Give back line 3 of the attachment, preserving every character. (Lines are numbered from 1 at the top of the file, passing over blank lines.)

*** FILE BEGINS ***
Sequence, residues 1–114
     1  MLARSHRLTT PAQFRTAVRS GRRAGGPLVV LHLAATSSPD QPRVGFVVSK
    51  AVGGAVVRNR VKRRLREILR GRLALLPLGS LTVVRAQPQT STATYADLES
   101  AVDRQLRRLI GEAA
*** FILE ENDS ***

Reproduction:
    51  AVGGAVVRNR VKRRLREILR GRLALLPLGS LTVVRAQPQT STATYADLES